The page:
Despite the fact that the US and South Korea detected their first case of COVID-19 on the same day, the aggressiveness of testing that followed was very different. As of March 20th 2020, the US has tested only about 313 per 1 million people, almost 20X less than South Korea (see Figure 1).
Figure 1: number of tests conducted per million people. Data was last updated on March 20th 2020, taken from here
Even though China and South Korea employed different approaches in terms of the extent of the quarantine and lockdown – both countries were very aggressive in terms of testing and isolating clusters of outbreaks.
Where is the world on the curve?
Figure 2: the number of daily cases as a function of time (as of March 24th 2020). Data was adapted from John Hopkins’ database
The primary goal at this point is not to contain the pandemic – it’s too late for that. Rather, the goal is toflatten the curve – slow down the spread so as to not overwhelm the healthcare system capacity.
Figure 2 summarizes the number of daily new cases as a function of time for the twelve countries with the highest number of confirmed cases. There are two key insights from this figure: (1) The number of daily new cases increases exponentially, until it peaks and slows down after several weeks (in the shape of a curve). (2) For most countries (with the exception of China and South Korea), most of the world is still in the first half of the curve (where the number of new cases is still increasing rapidly).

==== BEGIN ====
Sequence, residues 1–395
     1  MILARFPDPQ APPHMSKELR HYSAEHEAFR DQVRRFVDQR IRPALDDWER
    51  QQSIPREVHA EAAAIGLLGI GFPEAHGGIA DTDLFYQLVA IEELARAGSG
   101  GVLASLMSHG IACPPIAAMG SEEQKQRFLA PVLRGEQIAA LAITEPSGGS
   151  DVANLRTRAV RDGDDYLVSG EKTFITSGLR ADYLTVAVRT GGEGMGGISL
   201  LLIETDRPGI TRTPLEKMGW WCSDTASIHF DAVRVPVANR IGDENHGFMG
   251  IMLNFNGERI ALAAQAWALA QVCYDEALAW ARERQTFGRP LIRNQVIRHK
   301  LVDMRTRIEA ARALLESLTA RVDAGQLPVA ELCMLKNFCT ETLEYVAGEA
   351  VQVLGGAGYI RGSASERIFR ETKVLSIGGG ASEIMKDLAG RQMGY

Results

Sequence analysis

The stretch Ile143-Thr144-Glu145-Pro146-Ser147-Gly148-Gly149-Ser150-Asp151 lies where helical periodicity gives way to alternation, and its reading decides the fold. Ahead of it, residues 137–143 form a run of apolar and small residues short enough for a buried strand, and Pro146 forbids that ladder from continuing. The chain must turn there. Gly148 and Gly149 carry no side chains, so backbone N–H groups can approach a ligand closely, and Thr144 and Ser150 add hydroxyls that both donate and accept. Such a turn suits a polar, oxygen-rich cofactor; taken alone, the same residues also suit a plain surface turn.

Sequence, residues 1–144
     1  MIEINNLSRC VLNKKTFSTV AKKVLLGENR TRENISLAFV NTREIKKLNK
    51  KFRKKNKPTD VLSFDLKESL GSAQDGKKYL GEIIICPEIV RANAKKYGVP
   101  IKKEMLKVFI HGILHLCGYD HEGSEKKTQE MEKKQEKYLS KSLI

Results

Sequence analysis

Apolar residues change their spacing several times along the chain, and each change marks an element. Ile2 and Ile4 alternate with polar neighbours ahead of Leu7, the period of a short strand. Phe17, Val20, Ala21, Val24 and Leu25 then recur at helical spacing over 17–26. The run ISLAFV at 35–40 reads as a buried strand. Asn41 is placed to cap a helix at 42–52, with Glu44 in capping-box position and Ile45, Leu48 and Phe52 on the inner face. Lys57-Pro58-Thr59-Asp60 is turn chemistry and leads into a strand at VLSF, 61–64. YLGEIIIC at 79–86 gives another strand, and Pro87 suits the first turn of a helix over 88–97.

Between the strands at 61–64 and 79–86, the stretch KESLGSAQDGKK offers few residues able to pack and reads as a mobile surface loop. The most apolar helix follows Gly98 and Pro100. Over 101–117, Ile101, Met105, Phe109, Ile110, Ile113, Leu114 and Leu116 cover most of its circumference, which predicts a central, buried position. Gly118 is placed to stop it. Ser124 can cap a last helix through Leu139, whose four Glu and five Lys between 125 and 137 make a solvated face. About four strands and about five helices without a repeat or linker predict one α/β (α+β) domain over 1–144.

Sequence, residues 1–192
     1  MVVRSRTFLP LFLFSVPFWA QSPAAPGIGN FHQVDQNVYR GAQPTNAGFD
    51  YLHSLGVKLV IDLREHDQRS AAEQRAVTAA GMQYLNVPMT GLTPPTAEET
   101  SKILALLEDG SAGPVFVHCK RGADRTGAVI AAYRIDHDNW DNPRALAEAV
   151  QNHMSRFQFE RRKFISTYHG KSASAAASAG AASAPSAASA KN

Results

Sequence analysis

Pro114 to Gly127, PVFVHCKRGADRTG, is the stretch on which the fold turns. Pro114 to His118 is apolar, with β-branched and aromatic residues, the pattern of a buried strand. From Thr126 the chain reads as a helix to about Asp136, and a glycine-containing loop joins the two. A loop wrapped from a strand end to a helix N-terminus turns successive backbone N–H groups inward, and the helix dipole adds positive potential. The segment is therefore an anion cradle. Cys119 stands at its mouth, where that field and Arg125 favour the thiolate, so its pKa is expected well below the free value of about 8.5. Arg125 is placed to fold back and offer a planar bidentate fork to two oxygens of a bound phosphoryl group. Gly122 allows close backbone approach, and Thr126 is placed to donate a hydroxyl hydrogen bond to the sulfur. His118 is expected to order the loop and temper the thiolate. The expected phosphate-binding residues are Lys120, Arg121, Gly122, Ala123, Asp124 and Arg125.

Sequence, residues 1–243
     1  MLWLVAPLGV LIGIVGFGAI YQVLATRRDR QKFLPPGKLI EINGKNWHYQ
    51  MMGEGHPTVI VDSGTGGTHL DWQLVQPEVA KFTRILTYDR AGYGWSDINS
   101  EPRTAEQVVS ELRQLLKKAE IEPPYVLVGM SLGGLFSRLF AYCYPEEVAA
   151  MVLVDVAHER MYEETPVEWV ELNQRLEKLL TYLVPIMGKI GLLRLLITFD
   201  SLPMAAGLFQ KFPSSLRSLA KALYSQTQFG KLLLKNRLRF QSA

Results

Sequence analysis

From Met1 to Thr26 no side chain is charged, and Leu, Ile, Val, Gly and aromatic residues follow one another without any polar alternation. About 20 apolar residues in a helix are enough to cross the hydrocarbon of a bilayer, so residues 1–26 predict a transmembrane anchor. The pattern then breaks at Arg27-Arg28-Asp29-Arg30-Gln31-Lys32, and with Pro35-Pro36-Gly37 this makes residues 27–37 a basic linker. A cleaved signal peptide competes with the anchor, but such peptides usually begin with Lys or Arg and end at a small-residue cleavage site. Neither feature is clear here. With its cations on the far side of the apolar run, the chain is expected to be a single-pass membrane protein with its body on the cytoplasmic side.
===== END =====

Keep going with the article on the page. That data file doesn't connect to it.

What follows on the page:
Most of the world (most countries in Europe and North America) have instituted some measure of lockdown and quarantine for the past ~2 weeks, yet they are still observing an increased number of cases. This means likely that there will be at least ~3 plus weeks of additional lockdown needed for most of the world, before the number of confirmed cases slow down and travel restrictions are eased.
Note that the increase of these new cases is not only due to the spread of the disease, but also driven by how aggressive testing is. As testing is increased, we uncover more confirmed cases. After weeks of delays and mistakes, the US’ testing capacity was finally improved, and as a result, the number of confirmed cases spiked (you can see this in Figure 2).
Where is India on the curve?
Figure 3: Number of confirmed COVID-19 cases in India (as of March 25th 2020). Data taken from John Hopkins’ database
It is clear from existing data that the number of cases in India is still on the uptick. As of the writing of this article, India has a total of 664 confirmed cases, whereby, a week ago that number was 194. This number will likely go up exponentially, even with the current lockdown, as the Indian Council of Medical Research (ICMR) is preparing to expand its testing protocols. As of the 25th of March, India has tested 25,254 individuals, which, with a 1.38 billion population, is equivalent to 18.1 per 1 million people tested. The ICMR has plans to purchase 10 lakh antibody test kits (to test for presence of antibodies that are present post infection) and 7 lakh RNA test kits (to test for active infection).